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Jeff Sessions jumps into race to reclaim Alabama Senate seat

Laura Litvan, Bloomberg News on

Published in News & Features

WASHINGTON -- Jeff Sessions said he'll run for the Alabama Senate seat that he vacated in 2017 to became President Donald Trump's first U.S. attorney general, a return to politics that could be challenging given his tumultuous relationship with the president.

Sessions, 72, a former top Republican on the Senate Judiciary and Budget panels, easily held onto his seat for two decades, and his entry shakes up the race to defeat Democratic incumbent Doug Jones.

Sessions, who on Thursday night announced his candidacy in a video on his campaign's website, said he remains a strong Trump supporter despite "our ups and downs."

"When I left President Trump's Cabinet," Sessions said on the video, "did I write a tell-all book? No. Did I go on CNN and attack the president? No. Have I said a cross word about President Trump? No.

"And I'll tell you why: First, that would be dishonorable. I was there to serve his agenda, not mine. Second, the president is doing a great job for America and Alabama, and he has my strong support."

Jones, a former federal prosecutor, won a surprise December 2017 special election over Republican Roy Moore, a former Alabama chief justice who became mired in allegations of sexual assault and misconduct that he denied.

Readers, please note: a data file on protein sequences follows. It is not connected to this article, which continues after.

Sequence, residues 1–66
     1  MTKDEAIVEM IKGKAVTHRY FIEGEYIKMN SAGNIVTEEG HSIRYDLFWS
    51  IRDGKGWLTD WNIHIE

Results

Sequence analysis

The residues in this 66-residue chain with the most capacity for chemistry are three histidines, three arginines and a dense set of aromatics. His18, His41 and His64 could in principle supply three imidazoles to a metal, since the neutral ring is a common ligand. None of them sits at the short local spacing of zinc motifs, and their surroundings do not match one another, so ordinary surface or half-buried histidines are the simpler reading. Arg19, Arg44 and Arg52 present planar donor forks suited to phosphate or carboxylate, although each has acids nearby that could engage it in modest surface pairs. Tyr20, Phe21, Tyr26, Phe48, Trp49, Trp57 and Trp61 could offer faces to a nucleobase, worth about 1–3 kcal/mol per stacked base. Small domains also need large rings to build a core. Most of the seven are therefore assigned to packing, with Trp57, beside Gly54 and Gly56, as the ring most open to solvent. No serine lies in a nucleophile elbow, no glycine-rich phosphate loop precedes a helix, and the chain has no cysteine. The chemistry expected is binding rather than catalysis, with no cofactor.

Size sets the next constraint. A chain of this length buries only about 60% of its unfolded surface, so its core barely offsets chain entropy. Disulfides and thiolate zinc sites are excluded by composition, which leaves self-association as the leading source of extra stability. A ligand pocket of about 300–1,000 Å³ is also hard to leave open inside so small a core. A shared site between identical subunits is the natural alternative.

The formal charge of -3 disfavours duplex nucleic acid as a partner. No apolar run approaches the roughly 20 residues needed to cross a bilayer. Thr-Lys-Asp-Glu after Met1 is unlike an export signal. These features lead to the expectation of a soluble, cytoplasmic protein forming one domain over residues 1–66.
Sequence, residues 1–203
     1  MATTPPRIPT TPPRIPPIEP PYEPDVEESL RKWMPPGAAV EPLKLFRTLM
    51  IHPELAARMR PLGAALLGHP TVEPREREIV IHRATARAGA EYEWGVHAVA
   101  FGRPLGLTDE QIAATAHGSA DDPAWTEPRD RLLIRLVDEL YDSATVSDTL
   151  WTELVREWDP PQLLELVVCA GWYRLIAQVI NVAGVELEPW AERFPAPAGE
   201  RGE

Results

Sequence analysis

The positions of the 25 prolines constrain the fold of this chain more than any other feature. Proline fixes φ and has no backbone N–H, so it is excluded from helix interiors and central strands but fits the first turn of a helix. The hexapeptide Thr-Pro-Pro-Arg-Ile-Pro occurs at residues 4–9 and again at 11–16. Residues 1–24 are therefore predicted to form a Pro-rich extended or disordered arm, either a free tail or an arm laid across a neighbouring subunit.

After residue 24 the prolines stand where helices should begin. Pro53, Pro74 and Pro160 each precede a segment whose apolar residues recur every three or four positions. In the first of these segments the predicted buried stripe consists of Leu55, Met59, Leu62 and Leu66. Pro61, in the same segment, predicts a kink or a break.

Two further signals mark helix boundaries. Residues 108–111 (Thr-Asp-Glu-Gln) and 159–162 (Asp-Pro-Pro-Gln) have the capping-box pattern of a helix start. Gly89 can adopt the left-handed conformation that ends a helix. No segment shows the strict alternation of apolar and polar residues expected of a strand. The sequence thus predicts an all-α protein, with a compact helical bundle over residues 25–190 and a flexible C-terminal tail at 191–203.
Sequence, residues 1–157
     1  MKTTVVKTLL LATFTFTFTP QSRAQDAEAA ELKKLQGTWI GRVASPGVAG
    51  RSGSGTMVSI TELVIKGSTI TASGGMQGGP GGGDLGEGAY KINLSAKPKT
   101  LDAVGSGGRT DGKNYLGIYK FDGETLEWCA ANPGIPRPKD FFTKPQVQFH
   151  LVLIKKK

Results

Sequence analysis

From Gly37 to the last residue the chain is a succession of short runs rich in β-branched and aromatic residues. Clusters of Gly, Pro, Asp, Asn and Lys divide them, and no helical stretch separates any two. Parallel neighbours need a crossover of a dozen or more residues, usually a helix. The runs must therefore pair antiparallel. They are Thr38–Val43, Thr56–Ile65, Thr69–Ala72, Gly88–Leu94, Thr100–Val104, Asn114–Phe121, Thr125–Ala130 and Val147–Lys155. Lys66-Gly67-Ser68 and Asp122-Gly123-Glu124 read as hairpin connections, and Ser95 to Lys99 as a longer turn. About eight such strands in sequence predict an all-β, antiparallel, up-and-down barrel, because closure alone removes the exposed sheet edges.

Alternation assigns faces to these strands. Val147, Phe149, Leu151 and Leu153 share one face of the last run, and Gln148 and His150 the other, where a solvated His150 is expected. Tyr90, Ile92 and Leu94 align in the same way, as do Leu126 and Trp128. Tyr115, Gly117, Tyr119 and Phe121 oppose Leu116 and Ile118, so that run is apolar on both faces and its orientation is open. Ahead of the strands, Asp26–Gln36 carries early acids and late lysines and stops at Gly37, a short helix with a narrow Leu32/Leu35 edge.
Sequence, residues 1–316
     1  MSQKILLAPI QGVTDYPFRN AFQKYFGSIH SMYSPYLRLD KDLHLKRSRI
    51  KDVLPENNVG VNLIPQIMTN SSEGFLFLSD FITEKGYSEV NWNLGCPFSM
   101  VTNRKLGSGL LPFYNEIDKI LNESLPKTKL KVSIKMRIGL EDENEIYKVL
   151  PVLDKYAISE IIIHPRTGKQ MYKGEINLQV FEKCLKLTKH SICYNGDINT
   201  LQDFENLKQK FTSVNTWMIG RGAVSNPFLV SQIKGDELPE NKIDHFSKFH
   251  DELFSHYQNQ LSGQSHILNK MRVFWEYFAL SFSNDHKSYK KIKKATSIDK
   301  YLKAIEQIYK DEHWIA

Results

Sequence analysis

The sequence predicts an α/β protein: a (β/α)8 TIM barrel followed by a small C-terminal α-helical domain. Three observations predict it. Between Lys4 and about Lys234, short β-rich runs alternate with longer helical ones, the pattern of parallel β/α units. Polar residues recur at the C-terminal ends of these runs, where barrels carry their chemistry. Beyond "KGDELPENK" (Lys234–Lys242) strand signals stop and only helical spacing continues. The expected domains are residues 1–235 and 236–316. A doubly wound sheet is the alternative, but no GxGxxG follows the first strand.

Jones is the Senate Democrat most seen at risk of losing in 2020. Republicans already in the contest include U.S. Rep. Bradley Byrne, Secretary of State John Merrill, state Rep. Arnold Mooney, former Auburn football coach Tommy Tuberville, former televangelist Stanley Adair -- and Moore.

Still, it's not clear that Sessions would win the GOP nomination, given his strained relationship with Trump, according to Jennifer Duffy, Senate editor of the nonpartisan Cook Political Report. He resigned last November after months of complaints and insults from the president over his recusal from the inquiries into Russian interference in the 2016 presidential election.

"I'm disappointed in the attorney general for many reasons," Trump told reporters about two months before Sessions stepped down.

After Special Counsel Robert Mueller began his investigation, Trump publicly called on Sessions to halt it, an extraordinary break from traditional boundaries between presidents and law enforcement. He also said that he never would have nominated Sessions as attorney general if he knew he would recuse himself.

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